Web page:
Took my first steps in color grading world as well.  Didn't correct all the colors of the footage but I did sharpen a few. That is when sharpen means altering the exposure using  video scopes and Luma? - Should I always resharpen my footage using above settings? Or should you try to do this as good as possible in camera? I used color altering mainly in the first two shots because they were to yellow. Now they are much darker and the blue/purple look gives that evening feeling. 

 

This is a great video!  Nice pacing, music matches very well, and the story is short but concise.  I don't think you really need to sharpen the footage.  In fact with the "noise" grain and a little softer edges, the footage looks very good, it doesn't look "video".  I think really sharp edges can be too clinical.  For something like this piece, sure the closeups (bag, sewing machine) should be sharp, but face closeups, wide shots can be softer.  Overall I think you did a really great job!



#80
wotsisname

Posted 23 December 2013 - 01:33 PM

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Hi all,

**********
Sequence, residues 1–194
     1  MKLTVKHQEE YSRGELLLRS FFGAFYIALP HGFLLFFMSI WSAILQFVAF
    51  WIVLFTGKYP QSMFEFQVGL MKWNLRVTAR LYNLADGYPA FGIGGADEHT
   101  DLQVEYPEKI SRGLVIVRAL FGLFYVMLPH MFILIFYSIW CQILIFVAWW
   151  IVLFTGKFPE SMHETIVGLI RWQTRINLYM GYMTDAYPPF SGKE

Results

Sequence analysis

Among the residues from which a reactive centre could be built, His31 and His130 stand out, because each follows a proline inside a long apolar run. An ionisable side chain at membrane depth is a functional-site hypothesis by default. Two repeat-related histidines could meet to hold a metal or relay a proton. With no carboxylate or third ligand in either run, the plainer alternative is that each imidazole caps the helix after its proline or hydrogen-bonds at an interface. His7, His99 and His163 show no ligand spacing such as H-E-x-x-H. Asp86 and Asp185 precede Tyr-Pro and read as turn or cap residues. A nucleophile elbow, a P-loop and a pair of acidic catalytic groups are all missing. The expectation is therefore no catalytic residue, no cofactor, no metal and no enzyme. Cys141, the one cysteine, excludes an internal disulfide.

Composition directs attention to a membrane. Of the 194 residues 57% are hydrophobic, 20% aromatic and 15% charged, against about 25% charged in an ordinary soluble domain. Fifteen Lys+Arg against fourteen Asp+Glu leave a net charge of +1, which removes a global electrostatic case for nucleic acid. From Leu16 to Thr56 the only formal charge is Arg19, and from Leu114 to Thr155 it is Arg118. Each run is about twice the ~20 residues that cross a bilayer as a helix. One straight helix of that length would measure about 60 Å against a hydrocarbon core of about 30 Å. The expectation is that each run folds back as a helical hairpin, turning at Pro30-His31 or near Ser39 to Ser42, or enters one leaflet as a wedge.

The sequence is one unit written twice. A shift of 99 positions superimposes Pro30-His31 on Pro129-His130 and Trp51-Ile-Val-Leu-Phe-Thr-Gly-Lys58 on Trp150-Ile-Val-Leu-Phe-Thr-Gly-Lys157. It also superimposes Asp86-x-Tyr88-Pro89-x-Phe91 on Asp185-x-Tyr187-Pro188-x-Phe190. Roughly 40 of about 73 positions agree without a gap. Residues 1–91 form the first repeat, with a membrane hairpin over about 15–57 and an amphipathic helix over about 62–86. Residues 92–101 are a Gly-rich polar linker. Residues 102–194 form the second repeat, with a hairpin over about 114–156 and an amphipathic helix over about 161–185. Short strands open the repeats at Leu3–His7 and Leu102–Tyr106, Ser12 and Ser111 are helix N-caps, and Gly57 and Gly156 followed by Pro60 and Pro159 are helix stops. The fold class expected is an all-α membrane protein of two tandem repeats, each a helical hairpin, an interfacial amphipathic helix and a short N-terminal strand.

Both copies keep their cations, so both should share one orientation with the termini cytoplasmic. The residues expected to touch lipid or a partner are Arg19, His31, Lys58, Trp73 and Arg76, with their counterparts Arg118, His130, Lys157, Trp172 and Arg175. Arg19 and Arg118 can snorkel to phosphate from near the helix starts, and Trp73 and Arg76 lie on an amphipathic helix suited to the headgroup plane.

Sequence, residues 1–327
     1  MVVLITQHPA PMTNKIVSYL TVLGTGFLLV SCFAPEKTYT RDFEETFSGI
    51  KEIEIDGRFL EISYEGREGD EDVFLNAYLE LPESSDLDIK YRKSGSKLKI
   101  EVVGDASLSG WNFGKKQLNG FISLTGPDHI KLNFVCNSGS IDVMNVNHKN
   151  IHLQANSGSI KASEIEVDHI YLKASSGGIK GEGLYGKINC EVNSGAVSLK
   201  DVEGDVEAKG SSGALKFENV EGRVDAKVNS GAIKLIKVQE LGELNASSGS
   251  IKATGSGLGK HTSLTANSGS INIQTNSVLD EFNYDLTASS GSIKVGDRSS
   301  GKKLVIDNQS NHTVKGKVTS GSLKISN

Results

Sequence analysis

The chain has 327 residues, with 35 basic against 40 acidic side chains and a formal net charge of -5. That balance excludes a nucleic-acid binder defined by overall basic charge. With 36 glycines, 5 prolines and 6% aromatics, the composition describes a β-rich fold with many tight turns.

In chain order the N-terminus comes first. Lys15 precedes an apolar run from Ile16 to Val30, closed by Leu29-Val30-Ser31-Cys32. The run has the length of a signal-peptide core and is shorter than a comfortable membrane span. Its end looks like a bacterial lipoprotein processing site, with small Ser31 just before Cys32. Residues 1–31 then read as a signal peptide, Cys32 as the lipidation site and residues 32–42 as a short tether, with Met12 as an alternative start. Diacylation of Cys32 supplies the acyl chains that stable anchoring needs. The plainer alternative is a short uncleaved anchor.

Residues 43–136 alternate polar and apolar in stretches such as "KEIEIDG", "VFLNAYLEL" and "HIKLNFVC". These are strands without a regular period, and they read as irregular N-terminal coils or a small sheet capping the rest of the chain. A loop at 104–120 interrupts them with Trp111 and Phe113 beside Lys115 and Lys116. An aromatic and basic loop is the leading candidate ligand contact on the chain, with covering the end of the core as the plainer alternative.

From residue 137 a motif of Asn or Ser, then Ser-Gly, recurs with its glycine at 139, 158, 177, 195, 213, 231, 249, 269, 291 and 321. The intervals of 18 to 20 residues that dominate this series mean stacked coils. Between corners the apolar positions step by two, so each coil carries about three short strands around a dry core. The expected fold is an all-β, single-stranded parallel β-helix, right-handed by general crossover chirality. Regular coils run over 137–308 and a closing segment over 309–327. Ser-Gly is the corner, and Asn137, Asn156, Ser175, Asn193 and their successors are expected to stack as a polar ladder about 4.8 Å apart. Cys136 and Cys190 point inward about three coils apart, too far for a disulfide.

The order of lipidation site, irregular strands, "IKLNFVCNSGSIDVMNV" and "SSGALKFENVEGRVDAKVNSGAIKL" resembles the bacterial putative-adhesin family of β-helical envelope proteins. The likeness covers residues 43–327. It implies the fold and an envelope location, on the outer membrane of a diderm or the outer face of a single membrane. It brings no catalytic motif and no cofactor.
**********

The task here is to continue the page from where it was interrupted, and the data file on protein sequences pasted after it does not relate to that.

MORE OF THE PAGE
I am confused about the 50mbps / 72mbps date rate that the GH3 supposedly records at.

My footage, recorded as H264 MOV files in either of these high bit rates, is listed in FCP as between 5.8mbps and 8.5mbps. Analysing the footage with cinema tools reveals the same data rate - not the 50 / 72 it should be.

If I convert the files to ProRes I get the higher data rates - around 30 - 60mbps. Although this is closer, and sometimes in excess of the data rate I want, am I not merely up-resing the footage? The new date rate might be higher, but if it is not what the camera recorded, the information isn't t there.

I am also confused about the colour management. My h264 footage has a colour profile of 1-1-1. Is that the best I can get? I read somewhere that the GH3 will record 2-4-1. How do I set that?

Again up-resing to prores 422 or 444 will not introduce colours that are not recorded in the first place!

I look forward to hearing people's thoughts.

Jules